How enjoyable it was to read this clever spin on a back-to-school book. In Don’t Go to School, it’s young Benno who’s excited to leave while his mom wants him to remain at home. “Don’t go to school!” she wailed. And I laughed! The humor was not lost on me since I could relate to the mother in this lovingly illustrated picture book. I think there are lots of parents, like me, who have experienced separation anxiety when sending their child off on the new adventure and life stage that is attending school. Mommy is encouraged by Benno using language much like a parent would to reassure their new student. “Don’t worry, Mommy,” said Benno. “You’ll get to know the other parents in no time. They seem really nice!” Zepf is clearly familiar with first day jitters and her tantrum scene may ring a bell with others, only this time it’s Mommy who’s lost it. My favorite part of the story is when Benno takes some of his own kisses and tucks them in his mother’s pocket so she can feel his love even when they’re apart. This comforting story will empower youngsters while also providing tips on adjusting to the big change in their lives.

  • Reviewed by Ronna Mandel

 

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Maple & Willow Apart by Lori Nichols

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MAPLE & WILLOW APART
Written & illustrated by Lori Nichols
(Nancy Paulsen Books; $16.99; Ages 3-5)

Starred Review – Kirkus Reviews

 

Maple & Will Apart by Lori Nichols

Maple & Willow Apart, the follow up to author/illustrator Lori Nichols’ Maple and Maple & Willow Together, will draw in fans new and old alike as they witness Maple and Willow’s growing sisterly bond.

Done in pencil and digitally colored, the illustrations emphasize the two central characters. The background is simply white with just enough detail to hint at the setting.  At center stage of the book is the sisters’ relationship.

When a major change in their routine takes place, both girls feel this relationship may be in jeopardy. Maple, now old enough to attend “big-girl school,” will be away from home, and her younger sister Willow, for most of the day. While the two pretend this fact doesn’t bother them, their actions speak louder than words.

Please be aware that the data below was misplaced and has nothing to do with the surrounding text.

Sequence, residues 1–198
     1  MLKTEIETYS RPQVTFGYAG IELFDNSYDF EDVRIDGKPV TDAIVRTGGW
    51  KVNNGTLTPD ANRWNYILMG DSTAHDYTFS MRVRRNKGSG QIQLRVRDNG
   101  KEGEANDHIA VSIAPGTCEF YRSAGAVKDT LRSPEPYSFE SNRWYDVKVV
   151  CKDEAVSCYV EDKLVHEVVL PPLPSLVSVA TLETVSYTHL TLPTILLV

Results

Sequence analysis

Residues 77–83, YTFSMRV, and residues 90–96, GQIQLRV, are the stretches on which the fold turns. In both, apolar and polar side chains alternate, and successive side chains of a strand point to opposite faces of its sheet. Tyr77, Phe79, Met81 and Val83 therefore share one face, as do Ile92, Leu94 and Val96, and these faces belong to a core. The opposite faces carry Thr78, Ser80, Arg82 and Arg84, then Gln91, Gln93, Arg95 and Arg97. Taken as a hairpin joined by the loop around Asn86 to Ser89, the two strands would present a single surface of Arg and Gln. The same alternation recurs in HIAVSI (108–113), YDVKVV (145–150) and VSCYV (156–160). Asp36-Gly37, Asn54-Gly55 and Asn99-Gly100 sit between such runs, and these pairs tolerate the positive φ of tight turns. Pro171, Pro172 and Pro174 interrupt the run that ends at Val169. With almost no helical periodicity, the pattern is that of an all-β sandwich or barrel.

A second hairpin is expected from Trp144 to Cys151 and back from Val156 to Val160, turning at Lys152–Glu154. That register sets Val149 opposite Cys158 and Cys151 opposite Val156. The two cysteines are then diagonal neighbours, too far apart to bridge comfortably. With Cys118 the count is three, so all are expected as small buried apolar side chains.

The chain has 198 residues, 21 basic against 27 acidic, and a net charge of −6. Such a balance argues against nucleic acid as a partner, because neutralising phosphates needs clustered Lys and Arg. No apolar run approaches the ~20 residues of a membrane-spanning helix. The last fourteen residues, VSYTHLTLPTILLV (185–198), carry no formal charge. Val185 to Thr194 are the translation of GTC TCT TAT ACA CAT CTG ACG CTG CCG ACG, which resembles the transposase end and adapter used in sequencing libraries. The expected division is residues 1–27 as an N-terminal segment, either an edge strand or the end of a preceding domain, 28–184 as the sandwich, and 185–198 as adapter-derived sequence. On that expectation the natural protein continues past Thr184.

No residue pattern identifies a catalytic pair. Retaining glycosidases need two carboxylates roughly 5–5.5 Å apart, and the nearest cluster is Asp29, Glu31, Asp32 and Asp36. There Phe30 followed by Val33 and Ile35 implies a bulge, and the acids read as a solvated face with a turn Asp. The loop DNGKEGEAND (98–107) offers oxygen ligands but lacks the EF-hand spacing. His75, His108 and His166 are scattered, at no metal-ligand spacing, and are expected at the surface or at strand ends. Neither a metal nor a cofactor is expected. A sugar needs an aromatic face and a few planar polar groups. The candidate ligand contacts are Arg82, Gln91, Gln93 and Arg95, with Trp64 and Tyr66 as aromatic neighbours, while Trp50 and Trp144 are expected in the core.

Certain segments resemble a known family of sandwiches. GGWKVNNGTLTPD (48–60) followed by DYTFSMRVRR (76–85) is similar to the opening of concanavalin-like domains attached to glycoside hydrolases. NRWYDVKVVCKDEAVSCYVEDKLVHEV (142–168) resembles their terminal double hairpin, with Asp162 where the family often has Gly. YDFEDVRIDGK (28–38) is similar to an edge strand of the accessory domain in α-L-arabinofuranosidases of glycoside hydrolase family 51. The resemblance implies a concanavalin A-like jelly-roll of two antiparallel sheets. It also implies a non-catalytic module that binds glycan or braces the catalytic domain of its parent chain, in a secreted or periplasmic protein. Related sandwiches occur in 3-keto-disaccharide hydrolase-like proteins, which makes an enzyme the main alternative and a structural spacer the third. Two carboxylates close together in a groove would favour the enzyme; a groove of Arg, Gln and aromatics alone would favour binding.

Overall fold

From Monday through Wednesday, Maple returns home sharing the thrill of her new school life–perhaps a bit too forcefully. Speaking in what seems like a mile a minute, she narrates with open arms, expressive eyes, and a dazzling smile. In true sibling rivalry fashion, Willow subtly strikes back with her own tale of adventures with an imaginary forest friend. In this game of one-upmanship,or rather one-upgirlship, each sibling creates a more fantastic story than the other.  

Though underneath the theatrics lie real emotions:  the fear of separation and the longing to express it. By Thursday morning, the siblings have toned down their contest of words allowing for the natural bonds of sisterhood to take over and heal their friendship. First in pig Latin, then in more candid conversation, Maple shares how she “miss[es] playing at home” with Willow who admits to sharing the same feelings. While younger, Willow finds a way to stay connected with her sister even when Maple is away at school.  

For families who are experiencing a similar change or for parents looking to open a more general discussion of separation, I highly recommend Maple & Willow Apart. The inherent presence of love between family members ensures that no change is too scary to face.

  • Reviewed by Armineh Manookian